School of education receives $2.5 million to develop better learning tools for classroom teachers


Credit: UC Davis

Early career teachers of Sacramento, California, area youth will soon learn how to better lead discussions and understand how their students learn, using their own videos of student-learning experiences, role-playing with colleagues, and even interacting with avatars.

This will all be made possible through the University of California, Davis, which received a $2.5 million grant from the James S. McDonnell Foundation to help early career teachers use more innovative techniques in the classroom. The foundation provides grants focusing on human cognition and on teachers as learners.

The project, led by Steven Z. Athanases, professor and Dolly and David Fiddyment Chair in Teacher Education within the UC Davis School of Education, begins this summer. Athanases will lead a group of five fellow faculty members, in partnership with Stanford University.

He and his team, who have begun developing the program, will initially work with small groups of graduates of the School of Education teacher credential/master's degree program to learn with them about classroom practice, explore classroom communication and collect data. For the five-year project, they then will develop tools to apply effective strategies for classroom communication going forward. The team will focus on high school English and elementary science teaching, technology, cognitive studies for educational practice, and assessment.

Too often, new teachers don't know where to go when a student isn't participating in a discussion, or clearly doesn't understand the discussion of a piece of literature or scientific work, Athanases explained. "And that's not fair to the students. We can enrich that experience for everyone by exploring with teachers the tools they need now."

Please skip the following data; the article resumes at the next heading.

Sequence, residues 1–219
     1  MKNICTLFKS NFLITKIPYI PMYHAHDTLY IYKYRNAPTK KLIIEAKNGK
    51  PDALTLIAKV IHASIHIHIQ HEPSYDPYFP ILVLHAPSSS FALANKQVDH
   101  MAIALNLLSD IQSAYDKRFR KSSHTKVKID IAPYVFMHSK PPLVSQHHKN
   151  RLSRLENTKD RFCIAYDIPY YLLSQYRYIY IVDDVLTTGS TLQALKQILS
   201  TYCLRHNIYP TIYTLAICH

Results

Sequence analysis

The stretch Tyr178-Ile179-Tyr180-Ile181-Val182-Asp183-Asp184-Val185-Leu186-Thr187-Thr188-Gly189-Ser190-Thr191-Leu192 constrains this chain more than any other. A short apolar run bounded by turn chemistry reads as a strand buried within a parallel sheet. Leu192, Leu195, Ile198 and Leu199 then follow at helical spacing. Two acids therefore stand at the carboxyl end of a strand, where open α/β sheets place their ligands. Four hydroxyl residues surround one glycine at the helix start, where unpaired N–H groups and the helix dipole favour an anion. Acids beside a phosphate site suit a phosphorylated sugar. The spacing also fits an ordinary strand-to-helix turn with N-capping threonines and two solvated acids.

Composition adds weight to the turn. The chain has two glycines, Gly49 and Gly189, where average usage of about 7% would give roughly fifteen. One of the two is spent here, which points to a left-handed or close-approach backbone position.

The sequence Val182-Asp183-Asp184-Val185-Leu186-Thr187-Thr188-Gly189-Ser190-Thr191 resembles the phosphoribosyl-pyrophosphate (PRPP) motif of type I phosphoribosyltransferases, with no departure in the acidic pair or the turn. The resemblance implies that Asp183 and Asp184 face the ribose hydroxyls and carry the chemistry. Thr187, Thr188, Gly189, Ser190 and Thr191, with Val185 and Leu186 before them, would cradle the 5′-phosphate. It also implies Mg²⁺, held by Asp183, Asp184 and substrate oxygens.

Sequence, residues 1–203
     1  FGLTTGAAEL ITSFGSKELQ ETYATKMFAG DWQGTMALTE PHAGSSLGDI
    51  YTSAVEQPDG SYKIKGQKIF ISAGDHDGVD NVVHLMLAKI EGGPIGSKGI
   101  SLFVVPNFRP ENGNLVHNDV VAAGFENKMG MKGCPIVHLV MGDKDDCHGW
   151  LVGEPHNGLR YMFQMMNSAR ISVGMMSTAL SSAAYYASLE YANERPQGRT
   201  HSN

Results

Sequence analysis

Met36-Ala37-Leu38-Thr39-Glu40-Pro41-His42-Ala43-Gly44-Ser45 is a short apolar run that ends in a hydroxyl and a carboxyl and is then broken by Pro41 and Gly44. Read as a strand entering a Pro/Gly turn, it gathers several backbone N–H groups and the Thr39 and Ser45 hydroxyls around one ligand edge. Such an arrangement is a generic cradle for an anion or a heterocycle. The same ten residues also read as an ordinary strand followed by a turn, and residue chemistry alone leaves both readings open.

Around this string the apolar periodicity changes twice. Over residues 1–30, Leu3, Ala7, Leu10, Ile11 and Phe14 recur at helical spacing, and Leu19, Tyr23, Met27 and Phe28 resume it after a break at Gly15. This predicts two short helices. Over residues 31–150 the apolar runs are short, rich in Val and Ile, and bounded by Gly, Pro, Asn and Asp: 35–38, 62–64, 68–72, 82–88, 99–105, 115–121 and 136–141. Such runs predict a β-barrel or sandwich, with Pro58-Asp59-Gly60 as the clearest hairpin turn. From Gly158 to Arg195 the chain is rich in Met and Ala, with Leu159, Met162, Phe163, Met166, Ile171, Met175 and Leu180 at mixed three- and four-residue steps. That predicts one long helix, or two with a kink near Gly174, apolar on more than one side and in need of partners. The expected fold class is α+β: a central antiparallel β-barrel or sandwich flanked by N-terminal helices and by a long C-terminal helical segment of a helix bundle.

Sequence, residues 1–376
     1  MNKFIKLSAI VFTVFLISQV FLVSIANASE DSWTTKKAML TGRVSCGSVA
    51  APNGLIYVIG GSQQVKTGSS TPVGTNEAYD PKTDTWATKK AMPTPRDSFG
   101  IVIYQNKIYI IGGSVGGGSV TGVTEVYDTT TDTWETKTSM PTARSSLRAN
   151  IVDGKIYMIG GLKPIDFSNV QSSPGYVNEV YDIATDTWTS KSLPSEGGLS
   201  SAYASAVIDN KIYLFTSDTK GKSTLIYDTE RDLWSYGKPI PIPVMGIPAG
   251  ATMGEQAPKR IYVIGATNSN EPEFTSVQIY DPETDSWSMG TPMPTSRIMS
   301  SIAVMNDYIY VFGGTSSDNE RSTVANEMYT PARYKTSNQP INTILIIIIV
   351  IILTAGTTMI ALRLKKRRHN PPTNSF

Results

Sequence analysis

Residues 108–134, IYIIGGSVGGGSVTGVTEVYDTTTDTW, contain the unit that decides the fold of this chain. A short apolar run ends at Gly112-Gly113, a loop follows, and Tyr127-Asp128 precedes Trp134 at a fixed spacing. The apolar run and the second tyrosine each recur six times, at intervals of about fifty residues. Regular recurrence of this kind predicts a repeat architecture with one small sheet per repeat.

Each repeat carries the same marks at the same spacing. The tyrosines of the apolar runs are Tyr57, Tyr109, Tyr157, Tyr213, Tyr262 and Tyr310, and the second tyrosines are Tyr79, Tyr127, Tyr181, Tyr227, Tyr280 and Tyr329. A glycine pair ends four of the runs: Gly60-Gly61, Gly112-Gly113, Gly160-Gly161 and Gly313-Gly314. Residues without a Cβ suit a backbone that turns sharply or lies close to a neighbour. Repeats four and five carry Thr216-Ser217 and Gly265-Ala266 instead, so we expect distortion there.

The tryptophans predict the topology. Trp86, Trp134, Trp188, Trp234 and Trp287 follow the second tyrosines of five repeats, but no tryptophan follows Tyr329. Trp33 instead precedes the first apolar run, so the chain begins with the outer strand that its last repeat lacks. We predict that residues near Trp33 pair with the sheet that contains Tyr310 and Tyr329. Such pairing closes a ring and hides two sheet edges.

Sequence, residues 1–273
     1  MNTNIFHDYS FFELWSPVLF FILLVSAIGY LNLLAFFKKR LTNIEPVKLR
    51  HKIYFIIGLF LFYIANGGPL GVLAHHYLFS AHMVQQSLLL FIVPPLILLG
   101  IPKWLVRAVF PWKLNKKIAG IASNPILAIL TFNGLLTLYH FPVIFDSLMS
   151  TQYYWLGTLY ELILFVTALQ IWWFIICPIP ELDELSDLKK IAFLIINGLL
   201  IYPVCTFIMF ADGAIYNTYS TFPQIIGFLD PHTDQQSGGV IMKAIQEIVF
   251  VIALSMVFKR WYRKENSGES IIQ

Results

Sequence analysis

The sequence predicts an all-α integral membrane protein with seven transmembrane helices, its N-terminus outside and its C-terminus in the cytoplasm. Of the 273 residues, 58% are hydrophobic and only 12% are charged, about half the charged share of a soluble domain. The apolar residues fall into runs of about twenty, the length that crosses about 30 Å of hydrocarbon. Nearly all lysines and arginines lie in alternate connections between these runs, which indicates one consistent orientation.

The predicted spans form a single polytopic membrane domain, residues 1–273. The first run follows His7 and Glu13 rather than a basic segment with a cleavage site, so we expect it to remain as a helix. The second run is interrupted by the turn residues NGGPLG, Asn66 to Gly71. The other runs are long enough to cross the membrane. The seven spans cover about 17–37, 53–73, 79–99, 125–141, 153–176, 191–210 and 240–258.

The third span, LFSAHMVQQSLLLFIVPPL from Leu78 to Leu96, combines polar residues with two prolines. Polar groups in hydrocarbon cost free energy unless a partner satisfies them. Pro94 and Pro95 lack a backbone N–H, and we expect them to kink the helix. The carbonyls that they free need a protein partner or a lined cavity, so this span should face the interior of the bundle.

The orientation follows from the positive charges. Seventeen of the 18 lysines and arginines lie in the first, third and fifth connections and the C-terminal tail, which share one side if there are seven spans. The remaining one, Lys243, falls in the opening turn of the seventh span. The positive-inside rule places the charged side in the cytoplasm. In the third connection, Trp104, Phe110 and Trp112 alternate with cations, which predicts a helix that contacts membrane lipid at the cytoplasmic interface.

The project also will focus on challenges teachers have engaging linguistically diverse learners in discussion. Part of the goal for the teacher is to recognize language resources students have and mine those, and also promote English and science disciplinary language and learning. The teacher must improvise: "And the greatest challenge for the teacher is to do it in the moment because classroom talk is fleeting."

Teachers also need help building a conversation, working from what one student says to elicit comments from other students. And then, there's the silence.

"That's very scary for teachers. What do you do with silence? We will work on that."

The results, he emphasizes, won't be instant. There will be the insights the diverse K-12 students provide the teachers in the classroom; then those will be shared with early career teachers in the cohort as they examine problems, review videos and role play. Those novice teachers will then develop solutions, and become teaching ambassadors in their schools and districts. All of this combined will help UC Davis build a curriculum that will serve teachers for years to come and can be disseminated to larger educational communities throughout the United States.

Athanases wants to move away from the idea of "training" teachers. "They are not running machines. They need to be prepared to teach and think professionally."

Besides the grant Athanases is leading, School of Education Professor Cynthia Passmore is part of a team led by Northwestern University that will focus on teachers learning how to best teach the K-12 science education framework and science standards. The team will work with two cohorts of 20 teachers each. Passmore, professor of science education, has focused on developing students who can think about science in broad contexts through involvement in science, not just reading text, throughout her career. The Northwestern team on which Passmore will participate also received a $2.5 million grant from the McDonnell Foundation.


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